• TRUST puts hyperspectral drone into operation and engages actively with Peruvian community


    Drinking water scarcity in prosperous urban areas is an increasing challenge for cities around the world. This situation, exacerbated by growing climatic extremes, is prevalent in the Rio Lurin catchment area in Lima (Peru), which is the world’s second largest desert city. The TRUST research project is exploiting the possibilities for developing an innovative solution to secure the drinking water supply and expedient disposal of water in the catchment area of the Rio Lurin, one of Lima’s three major drinking water sources. Using remote sensing and hydrological modelling in combination with strategic decision-making tools, the team of researchers and practitioners of natural sciences, engineering and social sciences has made significant progress in the project’s first year.

    Complete article

  • Make your voice count: Nominations for the Global Water Awards 2019 - Deadline 31 January 2019


    Do you know a company, project, plant, technology, deal or initiative that deserves the “Global Water Awards”? The nomination for the Awards 2019 is now open and you can vote here until 31 January. Nominations can be made under 13 different categories, such as Smart Water Company of the Year, Municipal Desalination Plant of the Year or Water Leaders Award. The winners will be announced at the Global Water Summit on April 9th 2019 in London. Further information on the process can be found here.

  • Call for papers for the 10th International Conference on Sustainable Water Resources Management, 7-9 May 2019 in Alicante, (Spain)


    The 10th International Conference on Sustainable Water Resources Management, organised by the Wessex Institute (UK) and the University of Alicante (Spain) opened its call for papers. The conference will present recent technological and scientific developments, associated with the management of surface and sub-surface water resources. Papers presented will be published by WIT Press in a Volume of WIT Transactions or at an Issue of the International Journal of Sustainable Development and Planning.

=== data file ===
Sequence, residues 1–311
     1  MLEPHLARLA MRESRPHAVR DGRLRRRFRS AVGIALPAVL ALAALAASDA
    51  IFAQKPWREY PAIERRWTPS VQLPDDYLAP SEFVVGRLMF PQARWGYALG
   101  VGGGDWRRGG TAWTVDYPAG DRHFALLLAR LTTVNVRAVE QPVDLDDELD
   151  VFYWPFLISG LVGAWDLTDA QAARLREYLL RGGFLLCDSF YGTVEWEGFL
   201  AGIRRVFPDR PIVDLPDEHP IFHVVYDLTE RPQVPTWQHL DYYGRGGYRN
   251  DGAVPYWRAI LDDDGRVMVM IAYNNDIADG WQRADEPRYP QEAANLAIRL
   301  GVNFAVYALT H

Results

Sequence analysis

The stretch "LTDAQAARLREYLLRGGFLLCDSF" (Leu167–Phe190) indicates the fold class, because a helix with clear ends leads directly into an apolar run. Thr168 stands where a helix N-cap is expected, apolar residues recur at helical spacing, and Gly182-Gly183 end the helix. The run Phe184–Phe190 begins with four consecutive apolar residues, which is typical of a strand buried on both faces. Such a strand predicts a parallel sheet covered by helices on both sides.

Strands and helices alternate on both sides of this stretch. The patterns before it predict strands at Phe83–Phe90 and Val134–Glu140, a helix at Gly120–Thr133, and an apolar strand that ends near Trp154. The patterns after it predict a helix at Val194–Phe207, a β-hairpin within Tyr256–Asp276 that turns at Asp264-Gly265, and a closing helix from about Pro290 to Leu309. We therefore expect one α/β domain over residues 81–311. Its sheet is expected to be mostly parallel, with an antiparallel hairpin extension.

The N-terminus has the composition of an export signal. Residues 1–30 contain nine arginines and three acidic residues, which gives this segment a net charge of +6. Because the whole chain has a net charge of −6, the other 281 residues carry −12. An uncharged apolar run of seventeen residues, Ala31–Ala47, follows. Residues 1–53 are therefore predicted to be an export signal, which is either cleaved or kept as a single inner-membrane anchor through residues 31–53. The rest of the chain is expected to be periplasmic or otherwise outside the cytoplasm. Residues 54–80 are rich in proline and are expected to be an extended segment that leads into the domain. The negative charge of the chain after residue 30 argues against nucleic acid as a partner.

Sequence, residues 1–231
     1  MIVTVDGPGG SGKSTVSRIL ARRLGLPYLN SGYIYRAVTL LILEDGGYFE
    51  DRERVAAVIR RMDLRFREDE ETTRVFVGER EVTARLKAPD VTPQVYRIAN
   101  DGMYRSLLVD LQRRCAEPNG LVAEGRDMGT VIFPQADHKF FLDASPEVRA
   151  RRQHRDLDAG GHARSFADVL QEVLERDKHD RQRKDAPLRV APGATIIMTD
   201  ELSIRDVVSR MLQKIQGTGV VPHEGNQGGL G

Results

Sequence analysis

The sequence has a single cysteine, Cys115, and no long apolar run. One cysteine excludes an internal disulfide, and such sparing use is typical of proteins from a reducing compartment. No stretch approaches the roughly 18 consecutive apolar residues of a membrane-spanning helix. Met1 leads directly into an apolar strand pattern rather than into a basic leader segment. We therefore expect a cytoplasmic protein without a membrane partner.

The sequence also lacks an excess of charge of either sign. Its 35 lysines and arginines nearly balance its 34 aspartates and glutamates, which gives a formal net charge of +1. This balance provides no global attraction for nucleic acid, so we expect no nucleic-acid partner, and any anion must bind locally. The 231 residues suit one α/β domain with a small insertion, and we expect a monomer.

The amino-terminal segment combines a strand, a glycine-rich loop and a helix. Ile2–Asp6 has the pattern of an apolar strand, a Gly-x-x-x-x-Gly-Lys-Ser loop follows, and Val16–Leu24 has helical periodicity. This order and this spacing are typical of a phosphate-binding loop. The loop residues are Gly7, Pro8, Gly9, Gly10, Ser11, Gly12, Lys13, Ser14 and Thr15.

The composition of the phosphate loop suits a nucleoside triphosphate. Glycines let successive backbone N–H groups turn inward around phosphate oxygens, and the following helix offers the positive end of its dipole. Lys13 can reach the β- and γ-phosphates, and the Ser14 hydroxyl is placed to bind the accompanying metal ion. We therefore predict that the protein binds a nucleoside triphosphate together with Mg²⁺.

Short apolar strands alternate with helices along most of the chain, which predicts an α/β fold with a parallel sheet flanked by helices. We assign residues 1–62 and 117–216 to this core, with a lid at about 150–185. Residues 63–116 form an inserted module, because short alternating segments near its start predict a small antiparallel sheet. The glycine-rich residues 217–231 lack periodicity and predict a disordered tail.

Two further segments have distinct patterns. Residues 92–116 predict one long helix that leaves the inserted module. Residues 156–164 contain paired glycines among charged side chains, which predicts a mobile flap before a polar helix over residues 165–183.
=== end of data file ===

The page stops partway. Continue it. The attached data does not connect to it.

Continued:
• Second workshop on the cross-cutting topic “SDGs – Hitting the targets”


    During its workshop on 11 December in Osnabrück, the group continued to investigate the two topics identified at the first meeting: conflicting targets and synergies between different SDGs; and indicators, data and models. The participants also discussed how best to transfer knowledge from the GRoW projects to the political process.

    The workshop began with two keynote presentations. One focused on identifying methodological approaches for assessing conflicting targets and synergies within the SDGs. The other assessed interlinkages between alternative policy options from the project TRUST. The workshop then moved on to the working group session.  

    The working group for indicators, data and models focused on the importance of SDG implementation and decision-making on the ground, and on improvements in representing existing governance systems. It also looked at addressing cross-sectoral problems as a way of achieving the SDGs more efficiently. The group rapidly agreed to prepare a policy brief on how to complement and possibly improve the current SDG monitoring process. Besides the key messages, empirical examples from the GRoW projects will be a major component of the paper.     
    Following a fruitful discussion, the working group on conflicting targets and synergies between different SDGs decided to develop a new assessment method for evaluating projects and different policy plans and their effects on SDG interactions, with a special focus on SDG 6. The method aims to improve the way the advantages and disadvantages of interventions are presented, and to develop concrete proposals for decision-making.

    The next workshop on the cross-cutting topic is planned for spring 2019.

    The presentations and workshop minutes are available here.

  • GRoW at COP24


    The UNFCCC 24th Conference of the Parties and 14th Session of the Meeting of the Parties to the Kyoto Protocol was held in Katowice, Poland, from 2nd to 4th December. Besides discussions of emissions trading, climate security, climate change financing and local climate protection, there was also an emphasis on water-related topics as being integral to achieving most other SDGs and the ambitious climate change targets.

    GRoW was presented at the Conference of the Parties (COP) as part of input from Project Management Agency Karlsruhe (PTKA). Romy Durst introduced the broad portfolio of activities occuring within the German Federal Ministry of Education and Research (BMBF) and focused on the FONA3 framework prgramme. She highlighted GRoW’s special focus on connecting global information about water resources and water demand with regional and local solutions.

    In addition, the GRoW project SaWaM (Seasonal Water Management for Semiarid Areas) was present at a side-event on “climate-proofing strategies”, during which Dr Lorenz and Professor Kunstmann from Karlsruhe Institute of Technology provided an overview of ongoing research and first research results within their project.

    Several otherl events highlighted the important role of water in achieving climate change targets. UN-Water, for instance, organized an event entitled “The role of water in achieving climate neutrality“ that it addressed the integration of SDG6 (water) and SDG13 (climate change). The side event highlighted the important role of water, the potential for synergies and trade-offs, and the political progress achieved so far.